A seismic monitoring approach to detect and quantify river sediment mobilisation by steelhead redd-building activity

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Michael Dietze, James Losee, Lina E. Polvi, Daniel Palm


The role of spawning salmonids in altering river bed morphology and sediment transport is significant yet poorly understood. This is due, in large part, to limitations in monitoring the redd-building process in a continuous and spatially extended way. A complementary approach may be provided through the use of a small seismic sensor network analysing the ground motion signals generated by the agitation of sediment during the redd-building process. We successfully tested the viability of this approach by detecting and locating artificially-generated redd signals in a reach of the Mashel River, Washington State, USA. We then utilize records of 17 seismic stations, in which we automatically detected seismic events that were subsequently manually checked, yielding a catalogue of 45 potential redd-building events. Such redd-building events typically lasted between one and twenty minutes and were comprised of a series of clusters of 50–100 short energetic pulses in the 20–60 Hz frequency range. The majority (> 90 %) of these redd-building events occurred within eleven days, predominantly during the early morning and late afternoon. The seismically derived locations of the signals were in agreement with independently mapped redds. Improved network geometry and installation conditions are required for more efficient detection, robust location and improved energetic insights to redd-building processes in larger reaches. The passive and continuous nature of the seismic approach in detecting redds and describing fish behaviour provides a novel tool for fish biologists and fisheries managers, but also for fluvial geomorphologists, interested in quantifying the amount of sediment mobilised by this ecosystem engineer. When complemented with classic approaches, it could allow for a more holistic picture of the kinetics and temporal patterns (at scales from seconds to multiple seasons) of a key phase of salmonid life cycles.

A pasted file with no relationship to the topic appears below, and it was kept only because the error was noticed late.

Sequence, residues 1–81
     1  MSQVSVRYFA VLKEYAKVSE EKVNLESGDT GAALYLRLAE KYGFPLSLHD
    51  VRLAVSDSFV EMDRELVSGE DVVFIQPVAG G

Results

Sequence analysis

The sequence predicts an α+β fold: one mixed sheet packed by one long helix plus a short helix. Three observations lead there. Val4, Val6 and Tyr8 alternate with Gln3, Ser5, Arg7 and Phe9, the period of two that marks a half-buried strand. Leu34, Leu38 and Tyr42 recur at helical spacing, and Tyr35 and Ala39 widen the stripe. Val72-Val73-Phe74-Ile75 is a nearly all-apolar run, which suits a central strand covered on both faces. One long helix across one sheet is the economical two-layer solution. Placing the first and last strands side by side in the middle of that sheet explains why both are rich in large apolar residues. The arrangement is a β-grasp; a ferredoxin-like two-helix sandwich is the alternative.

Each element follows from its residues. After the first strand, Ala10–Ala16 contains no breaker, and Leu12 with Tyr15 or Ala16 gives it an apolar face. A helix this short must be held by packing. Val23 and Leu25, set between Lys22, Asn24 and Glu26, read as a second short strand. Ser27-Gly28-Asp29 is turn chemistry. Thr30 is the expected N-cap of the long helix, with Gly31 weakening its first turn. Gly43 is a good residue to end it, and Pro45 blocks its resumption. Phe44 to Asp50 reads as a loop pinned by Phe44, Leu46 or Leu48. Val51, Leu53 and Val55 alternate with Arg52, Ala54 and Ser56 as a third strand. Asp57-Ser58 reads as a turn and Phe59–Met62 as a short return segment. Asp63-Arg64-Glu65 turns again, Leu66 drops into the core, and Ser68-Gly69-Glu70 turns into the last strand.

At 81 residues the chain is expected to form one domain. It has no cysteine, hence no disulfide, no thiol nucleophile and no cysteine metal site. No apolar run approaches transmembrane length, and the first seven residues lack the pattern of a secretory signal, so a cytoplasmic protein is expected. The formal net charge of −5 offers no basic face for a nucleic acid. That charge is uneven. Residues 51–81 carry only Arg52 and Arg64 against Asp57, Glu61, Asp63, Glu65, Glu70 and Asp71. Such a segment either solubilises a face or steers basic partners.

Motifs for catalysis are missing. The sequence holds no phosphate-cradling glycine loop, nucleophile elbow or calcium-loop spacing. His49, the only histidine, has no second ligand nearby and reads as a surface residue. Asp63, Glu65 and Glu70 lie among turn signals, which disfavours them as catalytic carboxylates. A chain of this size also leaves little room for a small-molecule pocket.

Earth Sciences, Geomorphology, Physical Sciences and Mathematics


Environmental seismology, Biogeomorphology, Ecosystem Engineers, Gravel-bed Rivers, Salmonid Spawning


Published: 2020-04-20 15:28

Last Updated: 2020-06-13 04:50

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CC BY Attribution 4.0 International

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